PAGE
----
Heart murmurs in dogs can be a cause for concern among pet owners. These abnormal heart sounds can vary in intensity and may indicate an underlying cardiovascular issue. In this article, we will delve into the world of heart murmurs in dogs, exploring their causes, symptoms, diagnosis, treatment options, and much more. Understanding this condition is vital for ensuring your furry friend's health and happiness.

heart murmurs in dogs

Understanding Heart Murmurs

Heart murmurs in dogs can be puzzling for many pet owners, but they are a critical indicator of underlying cardiac issues. To truly understand heart murmurs, we must delve into their nature and causes.

What is a Heart Murmur?

A heart murmur is an abnormal sound that emanates from your dog's heart during its regular beating cycle. This sound, akin to a whoosh or a swishing noise, can be detected by a trained veterinarian using a stethoscope.

Heart murmurs occur when there is turbulence in the flow of blood through the heart. Typically, blood flows smoothly through the heart's chambers and valves, but when there are irregularities, such as obstructions or leaks, the blood's flow becomes turbulent, resulting in a heart murmur.

These murmurs can range from being faint and benign to loud and indicative of a severe cardiac condition. It's important to note that a heart murmur is not a disease in itself but rather a symptom of an underlying problem.

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Causes of Heart Murmurs

Heart murmurs in dogs can have various origins, and understanding these causes is fundamental in determining the appropriate course of action. Some of the common causes include:

  • Congenital Heart Defects: Some dogs are born with structural abnormalities in their hearts, making them more prone to murmurs.
  • Acquired Heart Diseases: Dogs can develop heart murmurs as they age due to conditions like degenerative valve disease or dilated cardiomyopathy.
  • Anemia: A low red blood cell count can lead to a heart murmur as the blood becomes thinner, resulting in increased turbulence.

Signs and Symptoms

Detecting heart murmurs in dogs often requires a keen eye and an understanding of the common signs and symptoms associated with this condition.

Detecting Heart Murmurs

While your veterinarian is the ultimate authority in diagnosing heart murmurs, there are a few signs you can watch out for at home:

  • Abnormal Heart Sounds: If you notice any unusual sounds when listening to your dog's heartbeat, such as a swishing or whooshing noise, it's essential to seek professional evaluation.
  • Change in Breathing: Rapid or labored breathing, especially during rest or minimal activity, can be a sign of an underlying heart issue.
  • Coughing: Persistent coughing, especially at night or after physical activity, may be an indication of heart trouble.

Common Symptoms

Dogs with heart murmurs may exhibit various symptoms, and these can vary depending on the severity of the condition. Some common signs to be aware of include:

  • Lethargy: A decrease in energy levels or reluctance to engage in physical activities.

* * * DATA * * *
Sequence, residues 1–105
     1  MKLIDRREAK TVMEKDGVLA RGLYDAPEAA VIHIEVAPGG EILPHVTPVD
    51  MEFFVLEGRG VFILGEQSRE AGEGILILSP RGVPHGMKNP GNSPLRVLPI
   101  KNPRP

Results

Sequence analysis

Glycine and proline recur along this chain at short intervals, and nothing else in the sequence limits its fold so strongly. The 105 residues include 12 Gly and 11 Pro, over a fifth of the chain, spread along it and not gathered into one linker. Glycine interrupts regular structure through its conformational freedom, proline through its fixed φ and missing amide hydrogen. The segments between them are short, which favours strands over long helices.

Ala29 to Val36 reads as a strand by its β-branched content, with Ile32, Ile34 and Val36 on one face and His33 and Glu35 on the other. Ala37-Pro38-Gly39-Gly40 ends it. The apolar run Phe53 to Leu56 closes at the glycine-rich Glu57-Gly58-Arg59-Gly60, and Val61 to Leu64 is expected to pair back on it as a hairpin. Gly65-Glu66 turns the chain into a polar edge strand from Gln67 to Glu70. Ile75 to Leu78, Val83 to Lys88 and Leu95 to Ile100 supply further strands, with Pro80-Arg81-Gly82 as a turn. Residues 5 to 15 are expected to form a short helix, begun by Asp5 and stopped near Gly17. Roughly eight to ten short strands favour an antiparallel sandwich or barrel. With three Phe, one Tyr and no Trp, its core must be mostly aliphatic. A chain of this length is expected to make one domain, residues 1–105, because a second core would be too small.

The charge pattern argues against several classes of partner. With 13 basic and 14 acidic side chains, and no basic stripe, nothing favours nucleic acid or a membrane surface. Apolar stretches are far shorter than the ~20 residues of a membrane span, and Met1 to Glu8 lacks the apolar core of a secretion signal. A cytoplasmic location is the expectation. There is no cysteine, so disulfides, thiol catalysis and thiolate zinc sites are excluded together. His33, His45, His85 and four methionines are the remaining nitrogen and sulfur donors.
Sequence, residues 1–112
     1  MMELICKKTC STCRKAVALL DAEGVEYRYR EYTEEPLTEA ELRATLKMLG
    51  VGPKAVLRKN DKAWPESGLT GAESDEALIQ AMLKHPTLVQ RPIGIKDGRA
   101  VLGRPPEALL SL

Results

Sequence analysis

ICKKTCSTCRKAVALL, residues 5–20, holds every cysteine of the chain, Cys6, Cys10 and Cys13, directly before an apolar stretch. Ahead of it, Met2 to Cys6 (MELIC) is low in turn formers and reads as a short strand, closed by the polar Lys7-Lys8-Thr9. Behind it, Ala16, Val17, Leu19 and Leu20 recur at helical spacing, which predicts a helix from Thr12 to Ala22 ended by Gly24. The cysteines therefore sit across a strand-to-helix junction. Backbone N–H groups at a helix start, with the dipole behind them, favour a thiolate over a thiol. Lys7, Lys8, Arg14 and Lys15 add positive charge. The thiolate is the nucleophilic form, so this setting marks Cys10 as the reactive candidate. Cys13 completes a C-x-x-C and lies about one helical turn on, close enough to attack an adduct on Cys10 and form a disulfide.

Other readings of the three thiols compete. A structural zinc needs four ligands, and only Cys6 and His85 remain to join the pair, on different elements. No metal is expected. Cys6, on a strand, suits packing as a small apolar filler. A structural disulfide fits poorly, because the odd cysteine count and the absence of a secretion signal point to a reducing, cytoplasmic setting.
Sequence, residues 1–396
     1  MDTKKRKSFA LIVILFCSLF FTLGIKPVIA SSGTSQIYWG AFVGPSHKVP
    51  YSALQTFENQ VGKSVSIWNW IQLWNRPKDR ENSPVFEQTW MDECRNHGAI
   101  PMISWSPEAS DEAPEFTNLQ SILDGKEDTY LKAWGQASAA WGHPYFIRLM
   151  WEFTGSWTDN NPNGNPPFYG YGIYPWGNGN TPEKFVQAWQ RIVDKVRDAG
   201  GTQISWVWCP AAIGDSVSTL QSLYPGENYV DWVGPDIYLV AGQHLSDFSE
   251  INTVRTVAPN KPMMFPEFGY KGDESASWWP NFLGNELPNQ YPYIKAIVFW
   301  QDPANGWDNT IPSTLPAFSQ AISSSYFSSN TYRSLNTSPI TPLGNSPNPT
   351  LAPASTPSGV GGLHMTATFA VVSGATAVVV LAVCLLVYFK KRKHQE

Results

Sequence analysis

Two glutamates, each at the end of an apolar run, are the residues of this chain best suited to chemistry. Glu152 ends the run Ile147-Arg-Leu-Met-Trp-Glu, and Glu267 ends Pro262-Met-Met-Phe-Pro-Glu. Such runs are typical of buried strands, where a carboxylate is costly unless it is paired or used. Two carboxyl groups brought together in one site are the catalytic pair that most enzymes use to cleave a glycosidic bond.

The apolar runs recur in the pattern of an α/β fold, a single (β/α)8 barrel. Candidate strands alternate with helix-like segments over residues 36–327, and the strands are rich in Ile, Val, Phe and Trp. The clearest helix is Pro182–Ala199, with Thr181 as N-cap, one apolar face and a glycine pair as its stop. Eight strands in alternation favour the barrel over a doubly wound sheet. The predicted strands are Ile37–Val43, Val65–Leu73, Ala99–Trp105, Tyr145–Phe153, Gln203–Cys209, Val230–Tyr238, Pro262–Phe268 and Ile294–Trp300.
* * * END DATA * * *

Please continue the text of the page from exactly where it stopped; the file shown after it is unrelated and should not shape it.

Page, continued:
• Loss of Appetite: Reduced interest in dog food or a noticeable decline in eating habits.
  • Weight Loss: Unexplained weight loss can be a red flag.
  • Weakness: Generalized weakness or difficulty in moving.
  • Fainting Spells: In severe cases, dogs with heart murmurs may faint due to insufficient blood flow.

Understanding these signs and symptoms and acting promptly can make a significant difference in your dog's health and well-being. Remember that early detection and intervention are key to managing heart murmurs effectively.

Diagnosis and Evaluation

Diagnosing and evaluating heart murmurs in dogs is a meticulous process that involves a combination of veterinary expertise and advanced diagnostic tools. Proper assessment is crucial to determine the underlying cause and severity of the condition.

Veterinary Examination

The first step in diagnosing a heart murmur involves a comprehensive veterinary examination. During this examination, your veterinarian will:

  • Listen to Heart Sounds: Using a stethoscope, your veterinarian will carefully listen to your dog's heart sounds. They will pay close attention to the rhythm, rate, and any abnormal sounds such as murmurs.
  • Gather Medical History: Your veterinarian will inquire about your dog's medical history, including any previous heart-related issues, medications, and changes in behavior or activity levels.
  • Physical Examination: A thorough physical examination will be conducted to check for any other signs of illness or discomfort.

Diagnostic Tests

While a physical examination can provide essential information, it often necessitates further diagnostic tests to pinpoint the cause and severity of the heart murmur. Some common diagnostic tests include:

  • Echocardiogram: This ultrasound of the heart provides detailed images of the heart's structure and function, helping to identify any structural abnormalities, valve problems, or congenital defects.
  • Chest X-rays: X-rays can reveal the size and shape of the heart and can be useful in assessing potential heart enlargement.
  • Electrocardiogram (ECG or EKG): An ECG records the electrical activity of the heart and can help identify irregular heart rhythms.
  • Blood Tests: These tests can determine if there are any underlying conditions contributing to the heart murmur, such as anemia or infections.